We might think that sleep is a moment of calm we allow ourselves at the end of a full day, and yes, in some way, it is.
However, although our body recharges during sleep, many things happen without us knowing!
Sleeping is a much more complicated activity than one would think. During sleep, our body goes through many processes: the “dozing off” stage is followed by light sleep and later turns into a deep sleep during which dreams occur.
The structure of sleep
Every time we sleep, we progress through 4 different phases, which repeat 4 to 6 times over the night.
Phase 1 - NREM
The first stage of sleep is called NREM (Non-Rem), also known as “peaceful sleep”. This is when muscles relax, the heart rate slows down, and our body temperature drops while we slowly doze off.
This first phase lasts from 5 and 10 minutes. However, duration may vary according to individual features and the surrounding environment.
Phase 2 - “Light sleep”
The second phase has to do with “light sleep”. During this stage, our pulse slows down even more, and our muscles are fully relaxed. Did you know that this phase takes up more than half of the time we dedicate to sleep?
Phase 3 - “Deep sleep”
This is the so-called “deep sleep” stage. It’s when our body’s natural defense system begins to get rid of toxins and waste and produces the necessary antibodies against viruses and bacteria.
Stage 4 - REM sleep
At last, we have the REM sleep phase (“Rapid Eye Movement”), considered essential for processing experiences and promoting long-term memorization. Furthermore, during this stage, the absence of muscle activity allows us not to act all the movements that occur during dreams.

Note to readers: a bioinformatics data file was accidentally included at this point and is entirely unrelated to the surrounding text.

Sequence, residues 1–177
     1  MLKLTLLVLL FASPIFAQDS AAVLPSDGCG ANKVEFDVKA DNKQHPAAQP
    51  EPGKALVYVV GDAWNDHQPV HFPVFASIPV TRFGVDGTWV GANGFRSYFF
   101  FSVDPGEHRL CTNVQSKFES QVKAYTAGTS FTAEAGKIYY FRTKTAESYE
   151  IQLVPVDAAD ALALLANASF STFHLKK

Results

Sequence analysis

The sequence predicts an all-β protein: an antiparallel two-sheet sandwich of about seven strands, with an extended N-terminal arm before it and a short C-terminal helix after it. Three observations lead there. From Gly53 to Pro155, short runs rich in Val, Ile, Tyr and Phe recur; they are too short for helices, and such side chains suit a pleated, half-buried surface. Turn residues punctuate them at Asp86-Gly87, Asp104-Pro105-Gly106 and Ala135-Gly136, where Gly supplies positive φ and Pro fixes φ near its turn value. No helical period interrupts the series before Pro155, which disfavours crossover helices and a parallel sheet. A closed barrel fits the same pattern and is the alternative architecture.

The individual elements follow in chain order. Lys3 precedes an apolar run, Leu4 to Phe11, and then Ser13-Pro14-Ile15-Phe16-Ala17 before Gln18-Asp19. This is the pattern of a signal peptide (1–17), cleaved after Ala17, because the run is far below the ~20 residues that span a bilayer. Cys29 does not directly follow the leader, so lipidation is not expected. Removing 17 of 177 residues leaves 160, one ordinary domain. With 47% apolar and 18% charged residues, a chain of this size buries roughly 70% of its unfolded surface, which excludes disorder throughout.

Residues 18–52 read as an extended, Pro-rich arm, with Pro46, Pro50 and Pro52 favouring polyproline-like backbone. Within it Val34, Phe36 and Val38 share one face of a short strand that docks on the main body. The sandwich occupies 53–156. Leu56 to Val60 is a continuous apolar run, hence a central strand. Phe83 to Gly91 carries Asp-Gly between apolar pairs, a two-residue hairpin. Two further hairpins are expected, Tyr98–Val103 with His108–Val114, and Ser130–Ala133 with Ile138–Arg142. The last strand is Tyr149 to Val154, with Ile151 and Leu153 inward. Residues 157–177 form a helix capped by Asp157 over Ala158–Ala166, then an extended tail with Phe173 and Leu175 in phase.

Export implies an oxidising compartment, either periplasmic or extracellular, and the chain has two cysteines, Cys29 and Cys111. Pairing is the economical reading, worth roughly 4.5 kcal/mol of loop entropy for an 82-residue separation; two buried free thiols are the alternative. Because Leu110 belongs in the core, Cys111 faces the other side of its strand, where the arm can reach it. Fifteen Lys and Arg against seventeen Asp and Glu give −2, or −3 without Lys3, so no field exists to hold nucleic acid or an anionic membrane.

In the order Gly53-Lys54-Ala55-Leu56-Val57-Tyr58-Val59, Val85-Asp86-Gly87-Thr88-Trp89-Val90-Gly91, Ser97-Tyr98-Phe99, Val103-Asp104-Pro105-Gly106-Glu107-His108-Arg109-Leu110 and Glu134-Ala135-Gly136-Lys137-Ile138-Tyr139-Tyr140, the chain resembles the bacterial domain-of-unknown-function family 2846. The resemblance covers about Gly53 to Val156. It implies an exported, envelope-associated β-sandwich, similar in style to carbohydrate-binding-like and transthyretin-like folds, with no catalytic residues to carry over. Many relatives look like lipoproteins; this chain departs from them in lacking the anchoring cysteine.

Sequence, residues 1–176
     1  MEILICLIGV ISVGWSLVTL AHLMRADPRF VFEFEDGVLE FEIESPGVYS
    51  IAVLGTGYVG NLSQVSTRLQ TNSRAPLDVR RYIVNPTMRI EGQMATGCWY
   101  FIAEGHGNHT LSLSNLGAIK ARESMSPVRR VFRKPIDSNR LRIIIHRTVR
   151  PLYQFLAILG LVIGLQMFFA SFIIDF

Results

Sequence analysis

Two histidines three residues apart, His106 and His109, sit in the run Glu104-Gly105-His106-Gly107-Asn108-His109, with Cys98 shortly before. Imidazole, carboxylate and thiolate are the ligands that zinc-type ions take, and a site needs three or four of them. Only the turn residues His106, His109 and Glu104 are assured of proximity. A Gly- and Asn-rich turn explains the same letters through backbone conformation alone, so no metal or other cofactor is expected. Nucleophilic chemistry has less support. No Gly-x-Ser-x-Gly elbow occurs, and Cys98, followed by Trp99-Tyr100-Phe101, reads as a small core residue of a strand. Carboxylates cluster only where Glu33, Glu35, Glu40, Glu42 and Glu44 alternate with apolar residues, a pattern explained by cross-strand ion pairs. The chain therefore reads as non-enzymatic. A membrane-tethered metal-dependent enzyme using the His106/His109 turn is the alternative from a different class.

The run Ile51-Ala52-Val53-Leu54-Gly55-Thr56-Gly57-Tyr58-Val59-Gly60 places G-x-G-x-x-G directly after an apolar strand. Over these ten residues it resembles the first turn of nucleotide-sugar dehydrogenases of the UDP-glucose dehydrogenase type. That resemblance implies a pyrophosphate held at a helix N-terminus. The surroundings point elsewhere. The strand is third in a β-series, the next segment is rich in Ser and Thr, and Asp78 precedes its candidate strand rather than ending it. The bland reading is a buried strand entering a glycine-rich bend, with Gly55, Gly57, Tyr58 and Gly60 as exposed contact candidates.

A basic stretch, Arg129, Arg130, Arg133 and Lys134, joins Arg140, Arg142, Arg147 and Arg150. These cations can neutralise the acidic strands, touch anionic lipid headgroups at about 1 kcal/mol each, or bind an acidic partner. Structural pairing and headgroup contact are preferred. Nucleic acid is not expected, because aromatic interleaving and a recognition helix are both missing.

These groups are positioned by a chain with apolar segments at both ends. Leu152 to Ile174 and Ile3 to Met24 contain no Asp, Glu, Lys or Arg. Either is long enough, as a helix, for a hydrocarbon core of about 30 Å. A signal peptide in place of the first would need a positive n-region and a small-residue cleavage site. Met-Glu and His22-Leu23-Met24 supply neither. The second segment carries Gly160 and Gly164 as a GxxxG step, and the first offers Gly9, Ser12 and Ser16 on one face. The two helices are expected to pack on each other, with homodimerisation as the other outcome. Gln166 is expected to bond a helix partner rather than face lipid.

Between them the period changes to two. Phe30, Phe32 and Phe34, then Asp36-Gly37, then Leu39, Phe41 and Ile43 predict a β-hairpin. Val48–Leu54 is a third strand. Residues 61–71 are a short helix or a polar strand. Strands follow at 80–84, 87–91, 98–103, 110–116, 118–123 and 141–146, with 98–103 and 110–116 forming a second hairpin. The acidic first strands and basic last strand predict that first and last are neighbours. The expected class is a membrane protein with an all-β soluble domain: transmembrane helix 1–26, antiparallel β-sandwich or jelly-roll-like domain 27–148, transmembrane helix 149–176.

Fun fact: did you know that children’s sleep differs from adults’?
Newborns have a much different sleep cycle because their biological clock has not yet “understood” the alternation between wakefulness and sleep. Between night rest and daytime naps, a baby can sleep up to 18 hours a day!
But the significant difference between adults and children lies not only in the amount of sleep but also in the characteristics of sleep itself. Children’s REM phase differs from adults’ for the ability to collect the countless information acquired during the day.
Deep sleep: quality more than quantity!
It is essential to know that poor sleep quality during REM sleep causes irritability and nervousness. In teenage boys and girls, poor sleep quality during the NREM phase affects the correct physical and mental development.